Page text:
1. A ski boot including a sole and heel portion and an upper portion, said upper portion including an ankle section and a foot section, means pivotally connecting said ankle section to said foot section, and a movement limiting device comprising means extending from one of said sections into overlapping relationship with the other section, stop means associated with said other section for engaging said extending means whereby said ankle section is free to pivot in unrestrained fashion until said extending means engages said stop means, and including means for adjusting the position of said stop means to thereby vary the allowable extent of pivotal movement whereby the limiting device can be set to provide substantial freedom of movement or to substantially reduce the capacity for movement.
2. A ski boot in accordance with claim 1 wherein the pivot axis of said ankle section is aligned to substantially correspond with the position of the ankle bone when the ski boot is worn.
3. A ski boot in accordance with claim 1 comprising a main body formed of a first single molded piece, said first molded piece including said sole and heel portion and part of said upper portion, said ankle section comprising a second single molded piece completing the upper portion of the boot.
4. A ski boot in accordance with claim 3 wherein the top area of said main body includes integrally molded flaps adapted to be bent into overlapping relationship, said ankle section also including integrally molded flaps adapted to be bent into overlapping relationship, and including adjustable securing means for the respective flaps.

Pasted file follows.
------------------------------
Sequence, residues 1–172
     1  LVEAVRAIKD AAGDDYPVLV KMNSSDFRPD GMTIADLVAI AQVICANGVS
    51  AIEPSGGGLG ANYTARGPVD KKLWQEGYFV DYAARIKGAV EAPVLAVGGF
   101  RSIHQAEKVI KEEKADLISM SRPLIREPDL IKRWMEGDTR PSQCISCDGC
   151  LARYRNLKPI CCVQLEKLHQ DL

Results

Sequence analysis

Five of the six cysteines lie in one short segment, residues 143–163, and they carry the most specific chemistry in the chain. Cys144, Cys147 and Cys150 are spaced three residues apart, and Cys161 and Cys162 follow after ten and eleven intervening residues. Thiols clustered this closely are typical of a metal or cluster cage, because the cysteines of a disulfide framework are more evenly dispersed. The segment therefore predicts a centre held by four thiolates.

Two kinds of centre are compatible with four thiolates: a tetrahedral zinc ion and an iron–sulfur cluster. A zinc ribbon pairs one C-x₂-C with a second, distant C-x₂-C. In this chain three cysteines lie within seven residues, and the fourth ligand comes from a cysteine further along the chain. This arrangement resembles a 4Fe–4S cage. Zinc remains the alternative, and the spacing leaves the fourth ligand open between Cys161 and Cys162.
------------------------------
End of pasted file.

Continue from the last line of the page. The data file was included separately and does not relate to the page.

5. A ski boot in accordance with claim 1 wherein said limiting device comprises a tongue extending downwardly from said ankle section, a receiving area for said tongue defined by the adjacent upper portion, said tongue being movable relative to said receiving area; and adjustable means for limiting the extent of movement of said tongue relative to the receiving area.
6. A ski boot in accordance with claim 5 wherein said tongue extends downwardly from the back of said ankle section, said receiving area being defined in the back wall of the heel portion of the boot.
7. A ski boot in accordance with claim 6 wherein said tongue defines an elongated opening, said receiving area comprising a slot defined between opposing wall portions in the back of the boot, and pin means associated with the wall portions and adapted to extend into the elongated opening of the tongue whereby engagement of the pin by the tongue portion at the end of said opening will limit the allowable extent of the withdrawal of the tongue from said slot.
8. A ski boot in accordance with claim 7 including a plurality of separate openings defined in the back of said boot for receiving said pin, the extent of allowable withdrawal of the tongue from the slot being dependent upon which opening receives the pin.
9. A ski boot in accordance with claim 7 including a stationary bracket attached to the back wall of said upper portion, a movable bracket supporting said pin attached to said stationary bracket, and resilient means carried by said movable bracket for engagement with said stationary bracket to hold the movable bracket in a selected position relative to the stationary bracket, the extent of allowable withdrawal of the tongue from the slot being dependent upon the selected position of said movable bracket.